We’ve all got our aches and pains that we experience day to day.
That arm that you broke when you were a kid that sometimes aches. Arthritis flaring up. Maybe you have a long term health condition you’re being treated for, like fibromyalgia.
If you’ve got some toothache, at least you know what it is and how to get it solved. You just go to the dentist!
What if you’ve got a pain in a random part of your body, and you don’t know what it is? Many of us don’t do anything about that, and put off seeing a doctor.
Well, you shouldn’t do! Maybe you won’t put off seeing your physician for any longer after reading this!
Severe pain in the morning
If the first thing you feel in the morning is pain, or exhaustion, you shouldn’t ignore that. If you’re feeling tired, it’s probably because you’re not sleeping properly due to that pain. When you wake up, you should feel rested and ready to go. If you wake up feeling like hammered cr*p often, maybe you should get that checked out.
If your pain is keeping you from sleeping
Pain that wakes you up from a deep sleep should NEVER be ignored. Especially if you get it consistently. Not only could the pain be a symptom of something serious, but you’re not giving your body the opportunity to rest and heal by missing out on sleep. Do yourself a favour, and do something about it.
A sharp but localized pain
If you’re experiencing pain in very a specific area (of your body, we all experience pain at work) which doesn’t seem to be going away over time, it might be a sign of a serious issue. Depending on where it is on your body, arthritis or carpal tunnel syndrome may be the cause, but you’ll never know for sure unless you get it checked.
Really bad headaches
And I mean, REALLY bad. You get them all the time, or painkillers don’t even touch them bad. Especially if you don’t have a history of getting migraines. It could be just a case of dehydration, so try drinking more water. But if that doesn’t cure it, your head pain could be a growth pressing on your cerebral cortex, or early signs of hemiplegic migraines.
Exhaustion and depression
People often think exhaustion comes from stress, or a lack of sleep. Maybe this is true, but often times this may not be the case. If you experience chronic depression, or you’re exhausted all the time, get yourself checked out. It could be the symptoms of an underlying illness.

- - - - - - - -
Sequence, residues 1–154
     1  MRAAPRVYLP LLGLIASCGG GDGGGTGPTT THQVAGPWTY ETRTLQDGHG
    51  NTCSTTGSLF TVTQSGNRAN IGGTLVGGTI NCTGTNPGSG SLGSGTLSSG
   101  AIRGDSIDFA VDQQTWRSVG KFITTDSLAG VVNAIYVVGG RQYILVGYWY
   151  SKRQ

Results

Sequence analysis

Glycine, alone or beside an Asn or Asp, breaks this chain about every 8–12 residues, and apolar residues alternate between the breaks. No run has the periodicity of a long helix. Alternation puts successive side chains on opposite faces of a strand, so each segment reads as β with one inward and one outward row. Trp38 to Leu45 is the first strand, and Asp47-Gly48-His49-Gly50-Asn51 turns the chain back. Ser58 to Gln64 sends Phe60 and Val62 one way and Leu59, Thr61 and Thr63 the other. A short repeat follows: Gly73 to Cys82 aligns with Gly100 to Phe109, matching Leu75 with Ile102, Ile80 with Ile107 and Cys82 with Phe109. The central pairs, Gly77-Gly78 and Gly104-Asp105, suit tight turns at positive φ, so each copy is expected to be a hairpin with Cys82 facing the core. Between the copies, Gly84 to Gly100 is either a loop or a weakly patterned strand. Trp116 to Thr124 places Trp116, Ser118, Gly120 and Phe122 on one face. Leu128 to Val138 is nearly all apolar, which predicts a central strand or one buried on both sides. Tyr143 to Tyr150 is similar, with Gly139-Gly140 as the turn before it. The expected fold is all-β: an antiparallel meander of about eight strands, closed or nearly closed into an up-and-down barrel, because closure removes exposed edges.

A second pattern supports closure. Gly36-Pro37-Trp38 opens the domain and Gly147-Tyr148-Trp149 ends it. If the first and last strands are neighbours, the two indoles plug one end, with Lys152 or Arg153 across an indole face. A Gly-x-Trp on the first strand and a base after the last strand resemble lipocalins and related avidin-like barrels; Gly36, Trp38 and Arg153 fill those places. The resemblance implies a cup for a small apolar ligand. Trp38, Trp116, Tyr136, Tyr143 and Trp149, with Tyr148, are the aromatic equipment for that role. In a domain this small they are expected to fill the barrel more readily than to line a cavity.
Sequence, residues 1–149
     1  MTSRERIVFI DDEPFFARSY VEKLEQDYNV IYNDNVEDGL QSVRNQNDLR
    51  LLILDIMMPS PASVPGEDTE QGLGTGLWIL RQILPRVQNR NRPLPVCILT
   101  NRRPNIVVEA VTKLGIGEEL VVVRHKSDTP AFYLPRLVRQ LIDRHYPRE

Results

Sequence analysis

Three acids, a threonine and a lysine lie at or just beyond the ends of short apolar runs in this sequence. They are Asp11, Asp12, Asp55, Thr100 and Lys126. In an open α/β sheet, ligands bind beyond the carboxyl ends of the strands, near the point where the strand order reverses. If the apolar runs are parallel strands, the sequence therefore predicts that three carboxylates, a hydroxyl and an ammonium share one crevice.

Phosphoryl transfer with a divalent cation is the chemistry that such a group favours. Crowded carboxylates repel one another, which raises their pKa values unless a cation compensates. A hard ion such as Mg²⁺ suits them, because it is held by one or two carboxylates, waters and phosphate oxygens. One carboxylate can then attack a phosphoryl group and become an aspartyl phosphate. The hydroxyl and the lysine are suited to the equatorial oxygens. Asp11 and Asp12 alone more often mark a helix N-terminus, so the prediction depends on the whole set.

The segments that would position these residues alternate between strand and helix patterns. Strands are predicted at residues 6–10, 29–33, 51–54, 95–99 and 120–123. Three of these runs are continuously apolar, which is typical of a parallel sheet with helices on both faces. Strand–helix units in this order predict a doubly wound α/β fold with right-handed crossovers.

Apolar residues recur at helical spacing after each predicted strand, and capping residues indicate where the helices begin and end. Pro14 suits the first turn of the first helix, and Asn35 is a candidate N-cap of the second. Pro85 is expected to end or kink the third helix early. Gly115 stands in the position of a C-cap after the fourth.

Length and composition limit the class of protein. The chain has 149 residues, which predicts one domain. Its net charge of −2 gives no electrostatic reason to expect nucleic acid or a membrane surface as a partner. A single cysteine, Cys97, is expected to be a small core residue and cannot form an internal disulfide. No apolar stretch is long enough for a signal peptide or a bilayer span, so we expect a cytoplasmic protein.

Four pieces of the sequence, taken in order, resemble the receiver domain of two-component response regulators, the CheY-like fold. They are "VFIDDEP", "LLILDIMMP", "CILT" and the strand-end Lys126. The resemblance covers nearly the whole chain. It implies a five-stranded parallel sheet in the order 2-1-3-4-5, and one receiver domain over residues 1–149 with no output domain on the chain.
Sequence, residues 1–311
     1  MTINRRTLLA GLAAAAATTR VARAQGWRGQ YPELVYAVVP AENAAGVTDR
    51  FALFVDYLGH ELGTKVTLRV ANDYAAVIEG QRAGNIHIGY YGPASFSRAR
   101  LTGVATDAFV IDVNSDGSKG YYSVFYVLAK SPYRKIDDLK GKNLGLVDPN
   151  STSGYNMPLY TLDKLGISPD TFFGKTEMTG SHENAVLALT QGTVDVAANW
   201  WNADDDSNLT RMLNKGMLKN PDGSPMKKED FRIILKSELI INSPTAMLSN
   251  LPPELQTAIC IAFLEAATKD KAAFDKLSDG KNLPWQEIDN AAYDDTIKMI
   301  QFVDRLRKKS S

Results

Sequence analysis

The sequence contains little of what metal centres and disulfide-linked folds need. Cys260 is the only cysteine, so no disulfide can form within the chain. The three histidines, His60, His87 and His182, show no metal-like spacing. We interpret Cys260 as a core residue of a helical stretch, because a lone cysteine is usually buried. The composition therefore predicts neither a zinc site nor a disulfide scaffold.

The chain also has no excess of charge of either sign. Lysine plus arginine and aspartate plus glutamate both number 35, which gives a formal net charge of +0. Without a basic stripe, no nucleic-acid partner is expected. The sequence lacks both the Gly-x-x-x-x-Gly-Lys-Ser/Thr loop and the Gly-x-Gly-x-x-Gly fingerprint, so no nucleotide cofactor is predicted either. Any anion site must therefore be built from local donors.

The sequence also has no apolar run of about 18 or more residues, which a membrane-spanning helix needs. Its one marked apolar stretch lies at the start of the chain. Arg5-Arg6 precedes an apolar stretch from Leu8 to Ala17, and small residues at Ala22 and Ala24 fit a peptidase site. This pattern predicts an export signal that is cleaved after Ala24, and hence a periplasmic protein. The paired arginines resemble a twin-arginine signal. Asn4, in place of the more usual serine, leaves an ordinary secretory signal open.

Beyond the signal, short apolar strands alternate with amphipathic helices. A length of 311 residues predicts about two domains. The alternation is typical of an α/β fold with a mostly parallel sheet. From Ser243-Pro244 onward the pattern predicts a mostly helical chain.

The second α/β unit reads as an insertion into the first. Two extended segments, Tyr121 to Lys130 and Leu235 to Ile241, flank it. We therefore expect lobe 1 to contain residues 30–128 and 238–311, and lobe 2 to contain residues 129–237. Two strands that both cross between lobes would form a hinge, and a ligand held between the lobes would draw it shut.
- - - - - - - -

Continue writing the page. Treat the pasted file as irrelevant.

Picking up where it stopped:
Sudden swelling, or loss of sensation
If a part of your body suddenly swells for no reason and you DON’T get it checked out, you need more than that body part checking. You need your HEAD checking too! When a part of your body swells, it is because your body is sending extra blood to a specific region to help it heal. So this, or a loss of feeling in a specific area, could be a sign of something wrong with your nervous system.
Ladies, most of us have had menstrual cramps at some point. Whether that’s something you left back in your teens or you still experience today, it’s pretty common. What isn’t common is severe abdominal pain during your period. It could be a sign you might be dealing with a more complicated issue, and not part of your monthly cycle.
And not just because of the color the walls are painted. So if you feel pain while urinating or defecating, that’s something you shouldn’t ignore, particularly if you get it often. You should especially consult a physician if you see blood when you pee or poop.
A sudden change in temperature, or sensitivity to weather
Patients with chronic conditions like arthritis can often experience pain when there’s a change in the weather, especially when it’s hot to cold. Or even when they’re exposed to cold for too long in the winter months. If that’s a new thing for you, you might want to consider asking your doctor about it.
Fevers or hot flashes
Frequent hot flushes are normal when you’re dealing with the menopause. And of course if you’ve got a cold or the flu, you’ll probably be prepared for some fever, or take medication for it. But chronic fever, or sudden changes in body temperature are a sign of something completely different. Your body can overheats if it’s doing too much work, like for example fighting off an underlying condition you didn’t know you had.
You find it difficult maintaining concentration
Did you know that you can’t actually feel anything in your brain? Nope, that thing has no nerves to tell you it’s in pain! So it’s got to let you know that something is wrong in other ways, and difficulty concentrating is definitely one of them.
Any pain that lasts more than 3 months
We’ve all been there. You’ve had a niggling, nagging pain for a while. You don’t want to go to the doctor about it, because it doesn’t seem so major. You just keep taking painkillers, but now you think about it, it’s been in the same place for some time. How long has this been going on? Chronic pain is both draining on your physical health and your mental health. It’s a sign your body is struggling with something, and you should always seek medical advice for long term pain.
Have you been experiencing pain lately? Maybe you went to get it checked out and your doctor discovered an underlying health problem. Would it have gone unnoticed if you hadn’t visited your doctor? Either way, let us know with a COMMENT and don’t forget to SHARE with your family and friends!